So, what are we to do? Do we submit to an increasingly activist court regardless of the plain and obvious examples of unconstitutional rulings? Or do we pursue another path?
I believe the path is via the Constitutional Review Act and the seizing of power back from the federal government.
Using, again, the example of Obamacare consider two outcomes in which Obamacare is upheld:
- The legislation is upheld in the Supreme Court and the states accede to federal power. In the event the GOP fails to rid us of this unconstitutional abomination we are now more subjects than citizens and are forever more to be dependent on the federal government for our health. The federal government is now free to mandate our behavior because the precedent has been established that they have that right via the Commerce Clause. Where does it end? Are we still a free people?
- The legislation is upheld but the twenty-six states that have gone to the Supreme Court to fight it do not accede to federal supremacy and instead reject Obamacare and do not allow its implementation within their borders. What then can the federal government do to compel compliance? Nothing. Can the legislation survive without half of the states participating and funding it? What would be the reaction of the other twenty-four states? What would be the reaction of the citizens and businesses of those states? Would they join their fellow “26ers” in their newly asserted freedom?
I believe that we are well past the times when such an approach would have led to bloodshed and secession, as Jefferson and Madison no doubt feared, and believe that such a reassertion of state power would lead to the reestablishment of a truly constitutionally limited government as the Founders intended. I believe that if the states were to stand up and simply say “no more” that the federal government would have little recourse to make states submit. In a nation such as ours, governmental power is dependent upon the willing submission to it by the people. Without cooperative submission that power evaporates.
Unlike the federal government, the state governments have to take care not to oppress their citizens; otherwise people can exercise one of their basic freedoms, the freedom of movement, and simply leave for another state.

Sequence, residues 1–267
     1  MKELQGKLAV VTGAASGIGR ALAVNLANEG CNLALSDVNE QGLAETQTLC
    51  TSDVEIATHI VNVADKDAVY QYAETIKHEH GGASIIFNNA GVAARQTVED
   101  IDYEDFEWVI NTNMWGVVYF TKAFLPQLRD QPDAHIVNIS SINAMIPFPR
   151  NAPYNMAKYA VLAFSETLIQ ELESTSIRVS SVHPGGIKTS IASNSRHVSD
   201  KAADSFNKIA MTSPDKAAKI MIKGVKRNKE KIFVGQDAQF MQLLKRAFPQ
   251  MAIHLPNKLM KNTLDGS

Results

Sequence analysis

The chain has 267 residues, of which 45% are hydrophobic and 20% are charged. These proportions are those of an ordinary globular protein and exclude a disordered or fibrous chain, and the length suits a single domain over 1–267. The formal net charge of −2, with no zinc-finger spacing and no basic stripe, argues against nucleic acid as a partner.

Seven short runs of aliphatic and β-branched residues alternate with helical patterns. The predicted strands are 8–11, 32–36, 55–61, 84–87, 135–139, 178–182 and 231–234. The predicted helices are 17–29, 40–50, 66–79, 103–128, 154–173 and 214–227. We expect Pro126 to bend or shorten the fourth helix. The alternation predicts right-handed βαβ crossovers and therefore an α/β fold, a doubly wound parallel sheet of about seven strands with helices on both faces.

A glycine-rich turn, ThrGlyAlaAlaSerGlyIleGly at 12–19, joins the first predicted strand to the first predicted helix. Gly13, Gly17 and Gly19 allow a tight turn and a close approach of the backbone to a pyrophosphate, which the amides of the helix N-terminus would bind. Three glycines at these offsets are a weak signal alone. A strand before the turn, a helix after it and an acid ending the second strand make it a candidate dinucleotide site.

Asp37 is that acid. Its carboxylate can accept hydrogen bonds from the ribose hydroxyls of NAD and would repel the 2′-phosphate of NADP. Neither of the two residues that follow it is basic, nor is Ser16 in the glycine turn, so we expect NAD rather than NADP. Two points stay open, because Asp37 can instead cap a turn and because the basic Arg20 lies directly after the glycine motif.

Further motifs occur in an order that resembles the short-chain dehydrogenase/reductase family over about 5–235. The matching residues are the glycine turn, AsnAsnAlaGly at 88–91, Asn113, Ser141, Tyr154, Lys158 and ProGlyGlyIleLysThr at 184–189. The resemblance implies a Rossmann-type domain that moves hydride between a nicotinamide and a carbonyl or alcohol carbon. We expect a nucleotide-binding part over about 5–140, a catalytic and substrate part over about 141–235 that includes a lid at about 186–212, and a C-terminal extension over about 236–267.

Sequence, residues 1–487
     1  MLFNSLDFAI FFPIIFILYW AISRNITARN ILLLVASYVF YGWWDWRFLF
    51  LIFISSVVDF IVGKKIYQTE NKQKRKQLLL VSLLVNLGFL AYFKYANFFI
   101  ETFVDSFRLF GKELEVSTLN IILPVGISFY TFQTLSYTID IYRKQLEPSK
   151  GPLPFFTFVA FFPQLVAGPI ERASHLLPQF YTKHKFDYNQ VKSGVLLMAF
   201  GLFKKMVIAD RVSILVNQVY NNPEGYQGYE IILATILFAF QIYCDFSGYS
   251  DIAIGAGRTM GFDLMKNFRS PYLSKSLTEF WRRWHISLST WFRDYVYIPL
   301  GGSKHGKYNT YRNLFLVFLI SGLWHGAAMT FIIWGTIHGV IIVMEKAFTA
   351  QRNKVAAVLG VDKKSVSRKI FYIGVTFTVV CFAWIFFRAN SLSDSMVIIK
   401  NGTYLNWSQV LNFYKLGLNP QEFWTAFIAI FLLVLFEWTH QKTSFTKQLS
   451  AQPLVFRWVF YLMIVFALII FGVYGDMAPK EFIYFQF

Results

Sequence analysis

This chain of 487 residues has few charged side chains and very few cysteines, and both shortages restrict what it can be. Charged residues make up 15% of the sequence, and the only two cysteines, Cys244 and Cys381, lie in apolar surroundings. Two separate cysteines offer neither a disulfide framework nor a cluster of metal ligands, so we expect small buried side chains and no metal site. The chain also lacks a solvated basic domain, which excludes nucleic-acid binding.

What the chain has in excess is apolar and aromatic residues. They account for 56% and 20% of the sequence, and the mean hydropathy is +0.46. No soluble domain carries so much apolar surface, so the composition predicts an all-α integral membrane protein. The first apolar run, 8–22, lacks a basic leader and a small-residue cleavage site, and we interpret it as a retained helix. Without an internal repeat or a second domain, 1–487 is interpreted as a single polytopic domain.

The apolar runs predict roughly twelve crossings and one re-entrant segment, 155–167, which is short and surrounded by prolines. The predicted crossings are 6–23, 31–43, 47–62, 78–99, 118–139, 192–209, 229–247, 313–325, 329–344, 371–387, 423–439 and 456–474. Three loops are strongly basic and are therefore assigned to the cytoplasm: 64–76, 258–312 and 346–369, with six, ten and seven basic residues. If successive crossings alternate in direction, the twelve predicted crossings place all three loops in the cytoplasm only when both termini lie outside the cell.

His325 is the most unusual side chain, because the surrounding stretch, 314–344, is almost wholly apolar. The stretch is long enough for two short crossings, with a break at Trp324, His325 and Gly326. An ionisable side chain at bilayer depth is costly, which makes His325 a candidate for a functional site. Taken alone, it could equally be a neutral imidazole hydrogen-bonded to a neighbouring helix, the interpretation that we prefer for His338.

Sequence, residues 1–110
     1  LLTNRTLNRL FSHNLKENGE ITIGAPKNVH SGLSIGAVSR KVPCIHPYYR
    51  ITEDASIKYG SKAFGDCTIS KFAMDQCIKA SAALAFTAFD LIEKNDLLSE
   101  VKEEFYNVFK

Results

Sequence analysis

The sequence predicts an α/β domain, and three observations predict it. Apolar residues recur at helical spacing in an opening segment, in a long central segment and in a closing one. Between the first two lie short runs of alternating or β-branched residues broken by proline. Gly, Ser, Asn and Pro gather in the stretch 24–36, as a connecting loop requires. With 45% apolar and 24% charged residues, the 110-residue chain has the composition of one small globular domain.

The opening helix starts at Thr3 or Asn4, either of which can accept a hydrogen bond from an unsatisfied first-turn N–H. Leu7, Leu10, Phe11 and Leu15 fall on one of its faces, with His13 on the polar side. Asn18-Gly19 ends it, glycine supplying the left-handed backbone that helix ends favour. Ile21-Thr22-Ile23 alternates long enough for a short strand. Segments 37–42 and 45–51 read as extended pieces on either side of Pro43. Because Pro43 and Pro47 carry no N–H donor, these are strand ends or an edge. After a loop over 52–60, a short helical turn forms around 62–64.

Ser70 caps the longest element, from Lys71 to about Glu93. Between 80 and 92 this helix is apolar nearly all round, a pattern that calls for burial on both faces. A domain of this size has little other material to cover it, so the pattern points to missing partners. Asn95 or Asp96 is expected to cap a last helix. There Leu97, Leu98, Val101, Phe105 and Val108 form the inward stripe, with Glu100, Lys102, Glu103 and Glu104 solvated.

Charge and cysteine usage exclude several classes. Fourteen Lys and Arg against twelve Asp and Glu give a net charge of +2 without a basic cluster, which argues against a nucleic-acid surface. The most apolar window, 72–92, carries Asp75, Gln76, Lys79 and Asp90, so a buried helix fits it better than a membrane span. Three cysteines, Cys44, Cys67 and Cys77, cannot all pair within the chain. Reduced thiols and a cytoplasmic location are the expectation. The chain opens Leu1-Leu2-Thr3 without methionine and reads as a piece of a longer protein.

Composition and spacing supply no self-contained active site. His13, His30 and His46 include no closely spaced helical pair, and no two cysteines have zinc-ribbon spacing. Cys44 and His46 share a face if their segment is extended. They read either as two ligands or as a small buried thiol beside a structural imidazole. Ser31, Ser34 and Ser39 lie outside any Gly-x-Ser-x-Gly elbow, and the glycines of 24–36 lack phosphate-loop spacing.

Liberalism cannot survive the decentralization of power and we cannot survive additional centralization. Who will win this battle for freedom?
Restoring federalism will not only require courageous and determined state elected officials it will also require states to enact legislation that severs the coercive funding relationship they all have with the federal government.
For decades the federal government has used the carrot and stick of federal funding to force states to bend to its will. The federal government now collects and then redistributes money to states for infrastructure, education, health care, and countless pet projects in the form of earmarks. These federal funds often come with strings attached and states with limited ability to raise their own tax rates more often than not meekly comply. The states have thus allowed themselves to become subservient to the federal government through their dependency on federal funding.
The sad irony is that much of the revenue the federal government doles out to the states is collected from the state’s residents to start with so the entire exercise is a money recycling scheme with DC skimming off the top for administrative costs and redistribution to other states.
So how to strike the first blow for independence? The Federal Funds Act.
From the 10th Amendment Center:
Already introduced in Georgia (HB877), Oklahoma (HB2810), and Washington (HB2712), such laws would require that all federal taxes come first to the states Department of Revenue. A panel of legislators would assay the Constitutional appropriateness of the Federal Budget, and then forward to the federal government a percentage of the federal tax dollars that are delineated as legal and constitutionally justified. The remainder of those dollars would be assigned to budgetary items that are currently funded through federal allocations and grants or returned to the people.
Once states are able to keep the tax dollars that otherwise would have been returned to them after a trip through the bureaucracy they will have much greater freedom to defy the diktats of the federal government and restore the liberties of their citizens.
I was going to write another Federalism article today but in researching the topic I found this great article by Congressman Rob Bishop (R-UT) that I would recommend instead. The Congressman is the founder of the Congressional 10th Amendment task force.
In the article Congressman Bishop mentions an issue, among a host of others, that I myself have considered at length to be the biggest obstacle to restoring federalism; the intoxication of power. Even conservatives who claim fealty to the Constitution and a desire to downsize government want to cling to their power rather than actually return much of it to the states.
“Our battle cry will be the commitment to ‘lose power’. We will return home for re-election proud to have made a step in re-establishing the Constitutional “vertical” separation of powers concept. We will return proud of voluntarily relinquishing federal control. We will return proudly having lost power in Congress. We will also have struck a blow in defense of individual liberty.”